The Strategist

WSJ: Demand for Iranian oil potential is still weak


03/08/2018 - 08:48



It was expected that the Iranian oil industry would be sharply restored after the conclusion of an agreement between Iran and Western countries regarding the nuclear energy program. However, in reality, the position of the oil sector of one of the world's leading oil-producing countries is by no means cloudless, according to The Wall Street Journal.



Marjolein Katsma via flickr
Marjolein Katsma via flickr
International oil companies are slow to invest in Iran, as the administration of President Donald Trump threatens to cancel the deal in 2016 and introduce sanctions that were once canceled in exchange for limiting the atomic program of the Islamic Republic once again.

The Iranian leadership expected that the nuclear deal would lead to an inflow of foreign investments into the oil and gas sector of the country in the amount of $ 10 billion per year. However, over the past two years, these investments amounted to only about $ 1.3 billion, mainly from China, says Homayoun Falakshahi, an analyst at Wood Mackenzie on Iran.

After the initial growth, Iran's oil production capacity leveled off at 3.85 million barrels per day, according to the International Energy Agency, and this figure is much lower than the estimates given by the Iranian leadership in recent years. On the day that Donald Trump was elected president of the United States, French Total SA signed an agreement with Iran for $ 1 billion, and this was perceived as a forerunner of further major investments by Western countries. However, there were no new deals afterwards.

French automaker Peugeot and American aircraft manufacturer Boeing Co. found ways to conclude agreements with Iran. Yet, the oil and gas industry cannot boast with long-term and big enough investments. In Iran itself, supporters of a tough foreign policy line criticize President Hassan Rouhani for plans to provide foreign oil companies with more attractive working conditions.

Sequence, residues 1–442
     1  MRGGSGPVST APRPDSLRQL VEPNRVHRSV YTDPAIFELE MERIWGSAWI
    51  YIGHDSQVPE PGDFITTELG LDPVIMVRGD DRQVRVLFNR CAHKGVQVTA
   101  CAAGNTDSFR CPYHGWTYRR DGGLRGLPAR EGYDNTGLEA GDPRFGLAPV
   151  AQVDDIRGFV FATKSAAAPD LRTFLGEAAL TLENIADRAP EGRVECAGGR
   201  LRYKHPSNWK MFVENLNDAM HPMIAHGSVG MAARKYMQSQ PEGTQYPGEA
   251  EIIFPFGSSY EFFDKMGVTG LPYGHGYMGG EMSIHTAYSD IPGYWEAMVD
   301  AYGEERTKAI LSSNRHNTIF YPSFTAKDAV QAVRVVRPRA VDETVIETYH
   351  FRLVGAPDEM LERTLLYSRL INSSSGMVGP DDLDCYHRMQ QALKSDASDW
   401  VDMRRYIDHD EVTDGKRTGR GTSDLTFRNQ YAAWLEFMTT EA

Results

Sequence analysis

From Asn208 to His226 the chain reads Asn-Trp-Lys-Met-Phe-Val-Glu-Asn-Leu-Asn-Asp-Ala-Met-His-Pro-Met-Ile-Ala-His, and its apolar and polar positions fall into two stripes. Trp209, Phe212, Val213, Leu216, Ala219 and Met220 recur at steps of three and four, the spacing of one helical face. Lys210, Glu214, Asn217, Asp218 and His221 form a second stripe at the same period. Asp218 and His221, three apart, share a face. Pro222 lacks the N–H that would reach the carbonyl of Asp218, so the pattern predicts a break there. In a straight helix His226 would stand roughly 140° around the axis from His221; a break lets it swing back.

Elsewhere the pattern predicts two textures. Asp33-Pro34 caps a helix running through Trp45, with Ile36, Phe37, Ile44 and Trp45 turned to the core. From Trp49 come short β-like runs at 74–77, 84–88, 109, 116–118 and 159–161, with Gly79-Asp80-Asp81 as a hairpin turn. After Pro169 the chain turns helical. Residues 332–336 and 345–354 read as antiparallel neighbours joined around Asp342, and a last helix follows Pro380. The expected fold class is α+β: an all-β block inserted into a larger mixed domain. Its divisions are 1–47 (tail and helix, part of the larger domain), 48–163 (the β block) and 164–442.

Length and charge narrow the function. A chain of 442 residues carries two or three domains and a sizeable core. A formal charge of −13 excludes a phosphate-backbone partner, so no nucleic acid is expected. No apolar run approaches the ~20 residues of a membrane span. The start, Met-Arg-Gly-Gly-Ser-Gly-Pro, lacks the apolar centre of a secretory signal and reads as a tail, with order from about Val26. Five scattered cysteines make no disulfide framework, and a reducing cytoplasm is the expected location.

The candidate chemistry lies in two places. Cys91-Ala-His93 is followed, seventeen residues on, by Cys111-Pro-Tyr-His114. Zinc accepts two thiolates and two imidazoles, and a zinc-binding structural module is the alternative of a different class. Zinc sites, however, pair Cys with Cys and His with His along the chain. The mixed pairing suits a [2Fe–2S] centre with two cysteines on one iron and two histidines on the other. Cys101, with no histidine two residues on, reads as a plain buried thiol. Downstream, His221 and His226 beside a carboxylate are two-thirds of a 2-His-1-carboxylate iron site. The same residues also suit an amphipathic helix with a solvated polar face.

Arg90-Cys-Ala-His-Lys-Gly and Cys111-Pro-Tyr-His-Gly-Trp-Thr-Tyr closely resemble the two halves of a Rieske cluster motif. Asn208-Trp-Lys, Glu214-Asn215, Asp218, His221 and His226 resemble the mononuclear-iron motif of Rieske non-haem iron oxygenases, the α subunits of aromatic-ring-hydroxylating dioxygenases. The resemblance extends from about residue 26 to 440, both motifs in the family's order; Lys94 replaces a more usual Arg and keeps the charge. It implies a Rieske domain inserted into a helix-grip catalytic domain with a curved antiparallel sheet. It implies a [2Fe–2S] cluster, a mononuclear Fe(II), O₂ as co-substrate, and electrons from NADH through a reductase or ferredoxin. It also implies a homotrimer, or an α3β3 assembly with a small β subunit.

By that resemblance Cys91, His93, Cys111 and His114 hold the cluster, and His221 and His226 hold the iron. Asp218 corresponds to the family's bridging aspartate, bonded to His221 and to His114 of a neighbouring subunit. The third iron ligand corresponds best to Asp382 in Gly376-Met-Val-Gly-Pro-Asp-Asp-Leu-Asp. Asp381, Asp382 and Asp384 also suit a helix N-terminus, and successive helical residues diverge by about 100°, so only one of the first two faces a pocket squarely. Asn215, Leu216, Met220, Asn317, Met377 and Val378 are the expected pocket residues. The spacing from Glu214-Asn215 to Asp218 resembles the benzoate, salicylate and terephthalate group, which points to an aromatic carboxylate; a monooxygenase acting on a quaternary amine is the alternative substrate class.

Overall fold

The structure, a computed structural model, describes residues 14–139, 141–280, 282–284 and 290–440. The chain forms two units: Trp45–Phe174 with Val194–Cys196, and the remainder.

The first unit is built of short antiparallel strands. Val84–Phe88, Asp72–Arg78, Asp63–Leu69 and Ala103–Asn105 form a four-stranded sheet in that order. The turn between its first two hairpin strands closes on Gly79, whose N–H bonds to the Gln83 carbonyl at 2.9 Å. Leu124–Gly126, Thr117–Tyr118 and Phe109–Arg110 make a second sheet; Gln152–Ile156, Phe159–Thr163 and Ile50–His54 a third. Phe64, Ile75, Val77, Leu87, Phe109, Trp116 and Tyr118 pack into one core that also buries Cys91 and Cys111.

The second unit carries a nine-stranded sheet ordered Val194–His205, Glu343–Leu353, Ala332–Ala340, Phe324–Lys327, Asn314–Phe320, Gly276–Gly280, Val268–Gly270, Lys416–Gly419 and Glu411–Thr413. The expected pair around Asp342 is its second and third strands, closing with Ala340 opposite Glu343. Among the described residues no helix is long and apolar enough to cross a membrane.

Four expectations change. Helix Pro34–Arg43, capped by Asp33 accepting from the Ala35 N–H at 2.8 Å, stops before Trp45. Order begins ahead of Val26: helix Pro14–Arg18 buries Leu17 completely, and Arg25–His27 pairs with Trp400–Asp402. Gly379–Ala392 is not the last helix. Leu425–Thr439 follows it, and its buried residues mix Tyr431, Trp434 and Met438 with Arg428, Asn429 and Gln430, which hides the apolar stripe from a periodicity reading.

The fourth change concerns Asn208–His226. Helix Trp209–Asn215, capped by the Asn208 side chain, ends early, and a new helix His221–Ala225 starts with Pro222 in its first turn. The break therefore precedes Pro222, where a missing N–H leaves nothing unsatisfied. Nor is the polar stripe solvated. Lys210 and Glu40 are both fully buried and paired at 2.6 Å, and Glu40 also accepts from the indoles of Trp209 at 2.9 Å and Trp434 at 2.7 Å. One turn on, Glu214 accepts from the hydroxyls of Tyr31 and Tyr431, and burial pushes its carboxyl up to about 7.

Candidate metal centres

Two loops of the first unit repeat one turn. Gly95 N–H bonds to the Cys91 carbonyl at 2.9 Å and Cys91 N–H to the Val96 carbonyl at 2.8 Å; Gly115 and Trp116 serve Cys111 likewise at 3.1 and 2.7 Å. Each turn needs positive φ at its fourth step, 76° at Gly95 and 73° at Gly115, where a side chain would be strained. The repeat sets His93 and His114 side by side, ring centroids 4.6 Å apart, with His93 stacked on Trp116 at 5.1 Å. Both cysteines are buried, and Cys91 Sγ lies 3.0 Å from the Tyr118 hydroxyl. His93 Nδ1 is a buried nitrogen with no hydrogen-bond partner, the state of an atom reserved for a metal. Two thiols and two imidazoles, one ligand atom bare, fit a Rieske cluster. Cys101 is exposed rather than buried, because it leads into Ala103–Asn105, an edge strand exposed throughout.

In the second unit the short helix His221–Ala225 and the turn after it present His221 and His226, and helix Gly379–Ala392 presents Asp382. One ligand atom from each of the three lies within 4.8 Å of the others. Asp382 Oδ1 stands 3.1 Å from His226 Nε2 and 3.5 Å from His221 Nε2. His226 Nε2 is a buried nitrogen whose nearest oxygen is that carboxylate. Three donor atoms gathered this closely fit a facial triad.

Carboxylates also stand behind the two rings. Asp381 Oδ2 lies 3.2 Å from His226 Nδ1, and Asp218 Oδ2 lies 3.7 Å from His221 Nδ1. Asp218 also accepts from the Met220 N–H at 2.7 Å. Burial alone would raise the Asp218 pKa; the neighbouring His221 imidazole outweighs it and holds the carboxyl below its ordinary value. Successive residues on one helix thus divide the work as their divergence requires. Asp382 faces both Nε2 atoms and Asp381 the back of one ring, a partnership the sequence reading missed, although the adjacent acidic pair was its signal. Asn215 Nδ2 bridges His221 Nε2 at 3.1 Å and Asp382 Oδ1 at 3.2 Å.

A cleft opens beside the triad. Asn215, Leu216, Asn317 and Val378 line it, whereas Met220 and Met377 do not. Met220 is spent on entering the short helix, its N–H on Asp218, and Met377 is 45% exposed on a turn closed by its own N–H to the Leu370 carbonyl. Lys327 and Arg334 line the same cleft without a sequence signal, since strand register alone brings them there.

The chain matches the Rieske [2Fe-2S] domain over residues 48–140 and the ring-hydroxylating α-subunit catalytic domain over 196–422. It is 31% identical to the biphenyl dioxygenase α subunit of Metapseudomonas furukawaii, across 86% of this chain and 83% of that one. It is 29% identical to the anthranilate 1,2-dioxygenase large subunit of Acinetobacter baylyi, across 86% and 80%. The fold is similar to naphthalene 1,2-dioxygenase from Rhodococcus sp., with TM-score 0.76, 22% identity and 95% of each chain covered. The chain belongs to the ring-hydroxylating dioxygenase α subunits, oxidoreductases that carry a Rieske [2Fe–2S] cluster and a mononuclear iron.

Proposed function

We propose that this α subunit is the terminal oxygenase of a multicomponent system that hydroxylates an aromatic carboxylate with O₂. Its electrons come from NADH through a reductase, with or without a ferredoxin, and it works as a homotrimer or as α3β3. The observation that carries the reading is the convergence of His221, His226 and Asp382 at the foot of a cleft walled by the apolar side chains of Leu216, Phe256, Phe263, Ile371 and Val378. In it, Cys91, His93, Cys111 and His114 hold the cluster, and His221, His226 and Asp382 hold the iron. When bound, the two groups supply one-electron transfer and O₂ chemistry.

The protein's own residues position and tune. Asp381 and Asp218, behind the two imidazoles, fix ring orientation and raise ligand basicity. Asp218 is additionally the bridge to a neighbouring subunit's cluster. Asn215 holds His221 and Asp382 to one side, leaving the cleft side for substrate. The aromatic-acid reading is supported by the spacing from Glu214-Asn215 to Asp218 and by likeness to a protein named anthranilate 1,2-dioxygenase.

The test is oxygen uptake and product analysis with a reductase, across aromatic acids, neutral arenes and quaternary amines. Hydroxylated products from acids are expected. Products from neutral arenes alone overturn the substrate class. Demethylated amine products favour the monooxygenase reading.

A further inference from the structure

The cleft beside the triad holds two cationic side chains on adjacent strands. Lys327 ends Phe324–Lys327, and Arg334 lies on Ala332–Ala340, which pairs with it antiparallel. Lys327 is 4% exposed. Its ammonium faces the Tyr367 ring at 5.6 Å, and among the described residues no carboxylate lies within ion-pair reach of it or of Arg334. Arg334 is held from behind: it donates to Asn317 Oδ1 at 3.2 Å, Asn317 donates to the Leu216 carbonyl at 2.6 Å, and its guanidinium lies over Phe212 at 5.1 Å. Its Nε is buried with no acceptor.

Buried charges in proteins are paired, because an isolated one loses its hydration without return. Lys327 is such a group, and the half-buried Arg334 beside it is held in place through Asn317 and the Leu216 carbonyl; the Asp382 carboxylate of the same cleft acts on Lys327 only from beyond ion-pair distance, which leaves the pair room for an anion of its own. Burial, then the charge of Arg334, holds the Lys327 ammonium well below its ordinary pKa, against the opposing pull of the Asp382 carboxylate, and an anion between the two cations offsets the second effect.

Recently, Tehran hosted a conference where the high potential of the national energy industry was to be demonstrated. According to informed sources, British BP PLC, French EDF Group and German Wintershall AG sent representatives to the meeting.

However, these companies and their subdivisions were slow to make decisions. They are conducting operations in the US, which may be affected if sanctions are renewed, the sources say.

A representative of one of the Italian oil companies, which has been trying to conclude a deal with Iran for several years, called the situation "depressing."

BP declined to comment, and the EDF did not respond to the request. Wintershall informed that they "closely monitor the changes" in Iran and strictly follow the law.

Experts believed that the restoration of Iran's oil industry after nearly a decade of sanctions that limited oil exports would be the easiest thing in the entire economy. Iran has the world's fourth largest oil reserves and the world's largest natural gas reserves, most of which are just to be removed. Large oil companies such as BP have worked in Iran for a long time, have extensive experience in extracting oil from hard-to-recover reserves and now want to resume operations under new conditions.